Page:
I sincerely hope 6 Music will get me back in 2013 to emergency plumb for one of their regulars. It’s the best place on earth to broadcast from. But here’s the scary bit: although people I know at 6 Music are always cheery and pleasant to me when I venture back into the office, each time I go in, more faces have appeared whom I don’t know. This is bound to happen. Eventually, all my contacts there will erode, and my name will fall off the whiteboard. It happens. You’d be amazed how many people who don’t listen regularly to the station still think I have a regular slot on the network. (The guys from BBC Bristol who interviewed me about Jaws did.) You have to move on.

Remember the theme of my talk? Indecision. It’s indecision that’s driven and stunted my career at the same time. Not being able to decide which path to take – or to commit to one branch of the entertainment industry – has lead to an enormous range of work over those 25 years, but it has also prevented me from specialising in anything. I accept that as my destiny.

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And here I am, in the British Library canteen again, contemplating that very conundrum. Any questions? (That’s what I’ll be asking at the University of Northampton tomorrow.)

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The rest is silence

TA84grabWe’re back, for Year 3 of Telly Addict, and, after an unprecedented two-week break, during which I allowed all the germs of the season to infect me while my immune system was off guard, my voice is on the way out. Thankfully, we managed to squeeze the last few drops out of my larynx before silence set in, and thus, here is an unplanned BBC-only review, with Borgen‘s welcome return to BBC4; the arrival of Ripper Street to BBC1; a very good documentary series, Queen Victoria’s Children, on BBC2; and finally, the latest Attenborough epic, Africa, on BBC1. I accuse Sir David of “husky hyperbole”, but wrote that, during the day, when I had no idea how husky my own voice would turn out to be. I hope you can hear the words I am saying, and that you feel my pain. Normal service will be resumed next week. And a haircut, I think.

(My full review of Seasons Three and Four of Breaking Bad will follow separately.)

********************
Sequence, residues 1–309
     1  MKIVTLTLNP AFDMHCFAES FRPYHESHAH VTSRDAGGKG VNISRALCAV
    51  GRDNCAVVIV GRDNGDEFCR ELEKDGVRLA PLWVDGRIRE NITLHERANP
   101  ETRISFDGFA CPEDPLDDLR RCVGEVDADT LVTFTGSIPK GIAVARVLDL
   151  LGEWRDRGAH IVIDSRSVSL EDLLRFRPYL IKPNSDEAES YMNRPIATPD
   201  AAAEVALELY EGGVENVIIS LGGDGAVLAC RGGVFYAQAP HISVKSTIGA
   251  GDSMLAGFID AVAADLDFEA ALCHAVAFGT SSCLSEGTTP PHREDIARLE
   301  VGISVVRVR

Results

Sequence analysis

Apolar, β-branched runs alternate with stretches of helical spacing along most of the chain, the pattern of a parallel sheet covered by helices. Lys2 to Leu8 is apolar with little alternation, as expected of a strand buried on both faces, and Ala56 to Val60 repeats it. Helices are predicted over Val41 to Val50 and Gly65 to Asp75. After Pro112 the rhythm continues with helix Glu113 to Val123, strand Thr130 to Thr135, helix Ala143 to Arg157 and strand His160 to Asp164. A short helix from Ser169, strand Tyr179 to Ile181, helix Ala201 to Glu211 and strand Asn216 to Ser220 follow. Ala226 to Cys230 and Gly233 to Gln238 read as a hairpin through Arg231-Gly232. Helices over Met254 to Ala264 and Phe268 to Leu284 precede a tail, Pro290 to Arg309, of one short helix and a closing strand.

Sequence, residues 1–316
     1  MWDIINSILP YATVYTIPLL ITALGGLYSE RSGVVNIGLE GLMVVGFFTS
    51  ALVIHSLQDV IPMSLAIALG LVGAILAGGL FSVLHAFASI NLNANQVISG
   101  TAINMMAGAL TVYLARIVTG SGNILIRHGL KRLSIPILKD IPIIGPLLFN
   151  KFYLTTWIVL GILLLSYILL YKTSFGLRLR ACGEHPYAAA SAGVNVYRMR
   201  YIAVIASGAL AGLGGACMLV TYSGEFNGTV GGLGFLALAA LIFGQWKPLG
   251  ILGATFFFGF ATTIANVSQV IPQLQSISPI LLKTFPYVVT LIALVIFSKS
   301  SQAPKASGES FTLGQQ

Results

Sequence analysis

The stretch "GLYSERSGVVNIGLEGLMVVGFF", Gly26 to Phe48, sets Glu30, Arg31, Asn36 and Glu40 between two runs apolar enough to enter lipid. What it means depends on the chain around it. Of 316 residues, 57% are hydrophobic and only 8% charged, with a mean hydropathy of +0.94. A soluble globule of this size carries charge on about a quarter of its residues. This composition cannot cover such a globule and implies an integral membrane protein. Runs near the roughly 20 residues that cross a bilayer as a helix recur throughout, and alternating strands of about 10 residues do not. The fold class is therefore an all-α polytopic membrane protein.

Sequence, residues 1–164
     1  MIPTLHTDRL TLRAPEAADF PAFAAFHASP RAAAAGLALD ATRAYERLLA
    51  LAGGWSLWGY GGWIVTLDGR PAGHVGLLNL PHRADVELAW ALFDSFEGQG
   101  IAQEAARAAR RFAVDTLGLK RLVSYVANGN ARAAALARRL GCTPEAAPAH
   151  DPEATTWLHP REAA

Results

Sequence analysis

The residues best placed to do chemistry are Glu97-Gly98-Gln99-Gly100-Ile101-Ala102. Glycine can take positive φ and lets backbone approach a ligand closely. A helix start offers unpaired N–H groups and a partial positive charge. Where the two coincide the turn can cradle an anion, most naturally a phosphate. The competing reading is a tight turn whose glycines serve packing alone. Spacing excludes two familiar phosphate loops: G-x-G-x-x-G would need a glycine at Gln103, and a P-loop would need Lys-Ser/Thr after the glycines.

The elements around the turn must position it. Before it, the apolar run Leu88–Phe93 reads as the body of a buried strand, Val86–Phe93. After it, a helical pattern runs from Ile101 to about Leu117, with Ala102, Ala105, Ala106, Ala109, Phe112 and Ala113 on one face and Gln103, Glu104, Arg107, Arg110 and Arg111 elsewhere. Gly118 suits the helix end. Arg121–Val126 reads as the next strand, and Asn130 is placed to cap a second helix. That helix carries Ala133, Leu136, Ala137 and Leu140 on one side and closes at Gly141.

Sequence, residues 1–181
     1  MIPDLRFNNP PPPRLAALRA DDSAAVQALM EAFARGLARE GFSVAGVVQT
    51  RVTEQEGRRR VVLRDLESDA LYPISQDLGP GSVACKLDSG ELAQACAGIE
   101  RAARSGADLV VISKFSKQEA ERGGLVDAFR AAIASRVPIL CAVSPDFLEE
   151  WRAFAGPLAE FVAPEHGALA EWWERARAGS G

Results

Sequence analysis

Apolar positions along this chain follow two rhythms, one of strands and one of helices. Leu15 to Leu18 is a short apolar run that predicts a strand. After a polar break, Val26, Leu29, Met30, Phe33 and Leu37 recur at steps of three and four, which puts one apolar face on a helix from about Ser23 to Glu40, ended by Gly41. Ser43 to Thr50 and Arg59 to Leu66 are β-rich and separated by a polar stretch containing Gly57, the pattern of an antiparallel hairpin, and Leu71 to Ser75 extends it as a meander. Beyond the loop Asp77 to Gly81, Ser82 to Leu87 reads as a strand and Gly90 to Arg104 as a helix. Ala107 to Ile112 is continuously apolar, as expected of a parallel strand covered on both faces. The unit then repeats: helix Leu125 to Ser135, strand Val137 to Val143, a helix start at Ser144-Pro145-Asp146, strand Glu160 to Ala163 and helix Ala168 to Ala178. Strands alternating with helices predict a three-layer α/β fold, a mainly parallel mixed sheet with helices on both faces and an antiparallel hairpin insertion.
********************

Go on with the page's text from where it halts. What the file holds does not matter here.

25 Years in showbiz: a prelude

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Right, Here’s a splendid photo of me and three-quarters of the band Cud, backstage at Brixton Academy in November, to put us all in a happy place at the end of one year and the tentative, under-par beginning of another one. In other words, let’s just clear up 2012 before we really get stuck into 2013. By my calculations, 2012 was my 24th year in Showbiz. Which is a glib way of saying that I’ve been working in what we must, without irony or sneering, call “the media” since the summer of 1988, when I first stepped foot in the NME office, and wangled a part-time job in the layout room.

It was, of course, through working as a journalist for the NME that I met Cud, along with countless other bands. Without the NME, I might not have played the drums for them for one song at a soundcheck at Wakefield’s Rooftop Gardens in May 1992, thus setting a precedent. Having kept up genial diplomatic relations with the band ever since, I was invited to go one better, 20 years on, and if the notion hadn’t been wiped from history in 2012, I’d have called it a middle-aged man’s “Jim’ll Fix It moment”. I wrote about it here. When you reach my age, milestones come less often. To have played the drums onstage at Brixton Academy, for one song, was one of them. It will forever nail 2012 to the map. As will my appearance, in January, on Celebrity Mastermind (it was filmed in 2011), where I scored 23 points but still only came second.

This was a milestone in the sense that I crossed the Rubicon and became further proof of the dire elasticity of the word “celebrity.” (Watching this year’s run on BBC2, I noted that in his call for future contestants, John Humphrys says, “You don’t have to be a Celebrity to appear on Mastermind.” No, and you don’t have to be a Celebrity to appear on Celebrity Mastermind, either. I wrote about my experience for Radio Times here.)